Greenpeace issues latest green electronics guide
By Editorial Staff, Resource Recycling
Greenpeace International has released the 18th edition of its Guide to Greener Electronics, which evaluates the efforts of large consumer electronics companies to lessen their impact on the environment. Included in the report is how these companies are faring when it comes to product life cycle, avoidance of hazardous substances in products and offering consumers take-back programs in locales where there are no extended producer responsibility laws.
"While the industry overall has taken several strides in the right direction, crucial and growing problems remain: more people around the world are gaining access to electronic devices, and while proper electronic take-back programs proliferate, the speed of collection is not keeping pace with the rate of consumption, creating ever greater amounts of toxic e-waste," reads a blog post from Greenpeace analyst Casey Harrell introducing the report.
Wipro, an Indian electronics company making its first appearance on the international version of the guide, scored the highest, earning 7.1 points out of 10, largely for its work on reducing greenhouse gas emissions and increasing its use of renewable energy.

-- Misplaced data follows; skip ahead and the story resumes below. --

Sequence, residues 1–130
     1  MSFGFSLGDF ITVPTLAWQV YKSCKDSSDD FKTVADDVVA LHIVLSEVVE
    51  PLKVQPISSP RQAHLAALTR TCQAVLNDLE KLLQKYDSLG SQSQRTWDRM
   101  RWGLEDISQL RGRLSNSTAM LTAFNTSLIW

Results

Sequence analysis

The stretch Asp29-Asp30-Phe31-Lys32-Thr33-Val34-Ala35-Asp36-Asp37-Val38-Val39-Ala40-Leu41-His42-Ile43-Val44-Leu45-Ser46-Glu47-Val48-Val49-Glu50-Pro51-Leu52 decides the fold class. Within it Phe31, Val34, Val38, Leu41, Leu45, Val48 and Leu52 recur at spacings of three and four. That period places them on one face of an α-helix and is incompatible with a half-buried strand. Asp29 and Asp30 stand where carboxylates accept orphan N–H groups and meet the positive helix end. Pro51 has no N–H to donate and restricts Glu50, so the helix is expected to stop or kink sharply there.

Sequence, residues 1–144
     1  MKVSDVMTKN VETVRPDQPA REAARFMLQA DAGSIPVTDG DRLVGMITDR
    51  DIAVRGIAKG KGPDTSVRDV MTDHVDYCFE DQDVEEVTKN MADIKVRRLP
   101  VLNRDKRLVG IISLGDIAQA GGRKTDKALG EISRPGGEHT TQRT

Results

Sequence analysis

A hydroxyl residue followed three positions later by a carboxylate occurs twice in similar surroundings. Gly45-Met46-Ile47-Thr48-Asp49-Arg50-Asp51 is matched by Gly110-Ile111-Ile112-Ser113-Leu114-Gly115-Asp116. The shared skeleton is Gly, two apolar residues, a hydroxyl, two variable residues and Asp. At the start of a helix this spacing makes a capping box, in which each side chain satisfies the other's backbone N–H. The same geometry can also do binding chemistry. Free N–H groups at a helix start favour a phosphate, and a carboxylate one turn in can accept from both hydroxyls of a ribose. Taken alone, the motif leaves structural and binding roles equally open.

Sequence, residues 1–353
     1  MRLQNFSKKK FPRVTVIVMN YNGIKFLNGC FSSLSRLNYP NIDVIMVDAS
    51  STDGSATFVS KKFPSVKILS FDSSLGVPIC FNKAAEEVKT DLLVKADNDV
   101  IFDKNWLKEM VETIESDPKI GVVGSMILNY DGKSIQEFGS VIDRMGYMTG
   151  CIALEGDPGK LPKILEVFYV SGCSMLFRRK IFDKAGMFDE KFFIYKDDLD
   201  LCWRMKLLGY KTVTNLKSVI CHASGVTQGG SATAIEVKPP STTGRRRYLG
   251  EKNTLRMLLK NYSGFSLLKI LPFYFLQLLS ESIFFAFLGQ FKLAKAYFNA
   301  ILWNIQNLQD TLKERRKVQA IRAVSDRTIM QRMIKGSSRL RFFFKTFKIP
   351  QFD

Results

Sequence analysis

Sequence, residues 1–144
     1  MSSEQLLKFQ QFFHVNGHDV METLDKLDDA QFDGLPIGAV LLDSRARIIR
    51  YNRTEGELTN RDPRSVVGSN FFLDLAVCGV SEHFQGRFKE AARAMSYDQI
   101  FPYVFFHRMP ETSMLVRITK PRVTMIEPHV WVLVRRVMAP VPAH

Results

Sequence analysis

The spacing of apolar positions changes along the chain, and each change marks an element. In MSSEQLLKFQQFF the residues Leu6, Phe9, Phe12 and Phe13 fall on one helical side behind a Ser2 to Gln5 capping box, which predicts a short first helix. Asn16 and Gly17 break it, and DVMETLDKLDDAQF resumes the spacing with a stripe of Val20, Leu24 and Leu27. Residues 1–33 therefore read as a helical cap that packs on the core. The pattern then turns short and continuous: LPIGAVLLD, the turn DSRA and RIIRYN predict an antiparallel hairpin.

On issues relevant to electronics recycling, Wipro had generally strong scores. Although it scored four out of four points for running an extensive and customer-friendly take-back program, the company was dinged by Greenpeace, earning zero out of three points on product life cycle for not doing enough to extend the longevity of its products. Wipro scored four out of five for making strides in phasing out polyvinyl chloride plastic and brominated flame retardants from its products, with the report noting that the company could do more to eliminate other hazardous chemicals from its wares.
RIM scored dead last in the rankings in 16th place. The company, best known as the maker of BlackBerry cell phones and mobile devices, scored only one out of eight for its take-back programs, a one out of five for avoiding hazardous materials and zero out of three for product life cycle.
The other companies in the report had mixed scores on avoiding hazardous materials, product life cycle and take-back programs.